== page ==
/State legislators laud Head Start at Capitol rally

State legislators laud Head Start at Capitol rally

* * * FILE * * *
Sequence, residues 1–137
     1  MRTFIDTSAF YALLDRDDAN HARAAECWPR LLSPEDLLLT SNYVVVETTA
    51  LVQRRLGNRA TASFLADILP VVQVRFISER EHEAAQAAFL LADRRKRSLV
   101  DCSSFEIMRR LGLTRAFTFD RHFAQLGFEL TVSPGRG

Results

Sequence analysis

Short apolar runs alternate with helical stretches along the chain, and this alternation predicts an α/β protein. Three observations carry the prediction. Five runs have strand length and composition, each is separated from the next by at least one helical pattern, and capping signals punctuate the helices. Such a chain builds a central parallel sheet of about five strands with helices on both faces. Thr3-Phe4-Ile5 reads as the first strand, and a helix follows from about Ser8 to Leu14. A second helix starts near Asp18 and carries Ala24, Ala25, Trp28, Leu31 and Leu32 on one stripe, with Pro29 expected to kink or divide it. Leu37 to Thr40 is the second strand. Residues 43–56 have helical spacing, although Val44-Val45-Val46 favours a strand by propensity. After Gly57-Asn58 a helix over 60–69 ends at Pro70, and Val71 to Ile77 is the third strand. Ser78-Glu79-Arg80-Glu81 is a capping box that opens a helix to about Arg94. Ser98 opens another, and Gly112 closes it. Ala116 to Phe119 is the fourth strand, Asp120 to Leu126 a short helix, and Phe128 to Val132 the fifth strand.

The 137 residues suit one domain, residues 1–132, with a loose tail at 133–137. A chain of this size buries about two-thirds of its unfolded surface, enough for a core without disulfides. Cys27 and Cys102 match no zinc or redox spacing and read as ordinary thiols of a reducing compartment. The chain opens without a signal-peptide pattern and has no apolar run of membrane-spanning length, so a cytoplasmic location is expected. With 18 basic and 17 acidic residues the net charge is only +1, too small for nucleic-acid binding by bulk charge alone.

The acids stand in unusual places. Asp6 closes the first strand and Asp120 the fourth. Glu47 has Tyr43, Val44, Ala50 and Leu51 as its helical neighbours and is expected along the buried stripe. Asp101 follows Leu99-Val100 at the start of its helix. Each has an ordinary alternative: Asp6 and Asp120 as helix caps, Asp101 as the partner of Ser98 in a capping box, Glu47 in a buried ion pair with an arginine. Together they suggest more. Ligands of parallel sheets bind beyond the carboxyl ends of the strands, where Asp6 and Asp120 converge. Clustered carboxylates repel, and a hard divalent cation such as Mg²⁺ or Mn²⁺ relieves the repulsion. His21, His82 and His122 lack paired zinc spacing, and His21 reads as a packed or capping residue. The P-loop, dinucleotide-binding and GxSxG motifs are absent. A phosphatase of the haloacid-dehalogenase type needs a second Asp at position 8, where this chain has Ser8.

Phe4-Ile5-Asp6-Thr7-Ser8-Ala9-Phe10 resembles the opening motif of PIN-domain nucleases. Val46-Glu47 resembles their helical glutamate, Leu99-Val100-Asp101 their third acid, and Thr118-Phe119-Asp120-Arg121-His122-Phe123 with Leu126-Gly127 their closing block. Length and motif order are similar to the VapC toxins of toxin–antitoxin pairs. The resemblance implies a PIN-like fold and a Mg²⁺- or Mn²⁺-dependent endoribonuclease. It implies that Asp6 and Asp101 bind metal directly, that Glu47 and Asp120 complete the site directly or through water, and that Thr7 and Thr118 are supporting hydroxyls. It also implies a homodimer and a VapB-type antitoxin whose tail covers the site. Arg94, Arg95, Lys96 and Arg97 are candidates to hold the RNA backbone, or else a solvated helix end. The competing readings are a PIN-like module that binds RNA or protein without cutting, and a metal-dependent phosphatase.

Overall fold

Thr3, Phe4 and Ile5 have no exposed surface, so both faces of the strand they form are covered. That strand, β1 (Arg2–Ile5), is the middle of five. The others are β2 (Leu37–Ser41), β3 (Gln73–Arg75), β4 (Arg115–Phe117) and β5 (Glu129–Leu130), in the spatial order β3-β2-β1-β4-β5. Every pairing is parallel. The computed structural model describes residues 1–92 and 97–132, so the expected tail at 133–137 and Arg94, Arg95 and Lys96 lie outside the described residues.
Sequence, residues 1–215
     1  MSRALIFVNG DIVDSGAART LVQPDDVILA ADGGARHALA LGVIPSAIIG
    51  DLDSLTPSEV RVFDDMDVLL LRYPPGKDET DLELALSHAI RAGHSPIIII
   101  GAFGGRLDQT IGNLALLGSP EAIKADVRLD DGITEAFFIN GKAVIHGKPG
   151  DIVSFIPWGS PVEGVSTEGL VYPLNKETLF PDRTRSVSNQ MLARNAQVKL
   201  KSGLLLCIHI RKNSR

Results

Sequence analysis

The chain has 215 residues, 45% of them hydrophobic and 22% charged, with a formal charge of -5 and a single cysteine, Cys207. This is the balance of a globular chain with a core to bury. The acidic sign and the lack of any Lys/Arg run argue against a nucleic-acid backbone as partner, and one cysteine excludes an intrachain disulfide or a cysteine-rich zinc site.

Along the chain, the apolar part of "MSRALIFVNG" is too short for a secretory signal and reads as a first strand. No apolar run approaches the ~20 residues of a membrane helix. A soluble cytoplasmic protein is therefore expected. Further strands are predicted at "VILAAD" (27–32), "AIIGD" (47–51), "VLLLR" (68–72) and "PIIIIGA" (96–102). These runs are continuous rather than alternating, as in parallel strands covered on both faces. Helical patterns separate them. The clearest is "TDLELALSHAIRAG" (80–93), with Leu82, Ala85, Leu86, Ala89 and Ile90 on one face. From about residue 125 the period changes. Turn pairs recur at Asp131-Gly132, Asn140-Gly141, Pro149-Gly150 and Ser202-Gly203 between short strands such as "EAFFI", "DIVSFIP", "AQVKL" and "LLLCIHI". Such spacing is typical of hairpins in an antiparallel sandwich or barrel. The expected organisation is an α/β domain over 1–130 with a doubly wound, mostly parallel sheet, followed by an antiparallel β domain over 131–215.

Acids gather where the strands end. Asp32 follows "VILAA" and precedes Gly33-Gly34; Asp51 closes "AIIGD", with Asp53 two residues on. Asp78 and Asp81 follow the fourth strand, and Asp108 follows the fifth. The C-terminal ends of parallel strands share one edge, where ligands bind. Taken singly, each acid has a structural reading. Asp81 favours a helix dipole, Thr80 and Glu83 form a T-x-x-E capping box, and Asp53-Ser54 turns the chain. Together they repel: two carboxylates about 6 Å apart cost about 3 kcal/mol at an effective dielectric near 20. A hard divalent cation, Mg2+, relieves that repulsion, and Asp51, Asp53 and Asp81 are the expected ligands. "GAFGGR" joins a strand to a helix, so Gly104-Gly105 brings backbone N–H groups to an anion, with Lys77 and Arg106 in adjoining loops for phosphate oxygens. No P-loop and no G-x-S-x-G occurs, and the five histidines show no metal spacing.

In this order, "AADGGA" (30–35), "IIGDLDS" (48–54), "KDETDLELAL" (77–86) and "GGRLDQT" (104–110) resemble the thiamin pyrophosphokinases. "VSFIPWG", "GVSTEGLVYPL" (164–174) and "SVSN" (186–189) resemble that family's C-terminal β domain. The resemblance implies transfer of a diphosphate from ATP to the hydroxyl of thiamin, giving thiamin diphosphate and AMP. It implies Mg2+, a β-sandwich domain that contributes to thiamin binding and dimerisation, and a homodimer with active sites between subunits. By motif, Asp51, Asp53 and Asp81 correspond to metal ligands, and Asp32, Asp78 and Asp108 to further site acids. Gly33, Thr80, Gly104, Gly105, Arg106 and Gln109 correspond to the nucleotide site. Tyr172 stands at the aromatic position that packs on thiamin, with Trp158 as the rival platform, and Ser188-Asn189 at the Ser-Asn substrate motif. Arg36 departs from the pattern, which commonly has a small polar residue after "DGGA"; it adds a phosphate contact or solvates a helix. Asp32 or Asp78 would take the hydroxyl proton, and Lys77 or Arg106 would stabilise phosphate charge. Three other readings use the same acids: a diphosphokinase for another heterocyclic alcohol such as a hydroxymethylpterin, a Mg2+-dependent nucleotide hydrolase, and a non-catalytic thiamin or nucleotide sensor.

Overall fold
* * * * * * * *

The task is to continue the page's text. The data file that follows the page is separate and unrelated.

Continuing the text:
Head Start was a federal program for children of low income families that was launched in 1965. According to the description of the federal program, it serves children aged birth to five years old and focuses on language and literacy as well as social and emotional development. A total of 20 Democratic legislators spoke out in support of Head Start Tuesday at a press conference. They said that Head Start helps Mississippi children achieve their potential for success for life. In a press release, Nita Norphlet Thompson, Mississippi Head Start Association Executive director, stated that Head Start has been an integral part of Mississippi’s early childhood landscape, preparing children for school and strengthening families for more than 50 years. “Statewide research shows that Head Start is helping Mississippi children make significant gains in language, literacy, math skills, and physical development,” Nita Norphlet-Thompson, Mississippi Head Start Association Executive Director, stated in a release. Mississippi Head Start currently serves approximately 25,000 children. It also runs sub-programs that help parents with job training and childcare. The Trump administration proposes a slight increase to funding for Head Start, but it would eliminate Preschool Development Grants. These grants are used by many states to expand preschool programs. The state does not provide additional funding for Head Start other than what is available through federal dollars. A few lawmakers used their time at the conference to remind the audience of their candidacy for the Mississippi congressional elections. State Rep. Omeria Scott is running for the incumbent U.S. Senator Roger Wicker’s seat. She told the crowd Mississippi needs to have a “real voice” at the Senate that understands its needs. The Laurel Democrat stated that Head Start is a federal program and that it’s important to have someone at the federal level who can articulate the need for Head Start and all early education in the most economically disadvantaged states in the Union. You know better than anyone that your monies are coming from Washington. So you need a new messenger to Washington. Someone who will speak for your program and who won’t vote to cut it that is proven.” Rep. Michael Evans (D-Preston) is running for the seat left vacant by Rep. Gregg Harper’s retirement later in the year. Evans stated to the crowd, “I promise you that if I make it all the way to Washington in November, I’ll be a strong supporter of Head Start.”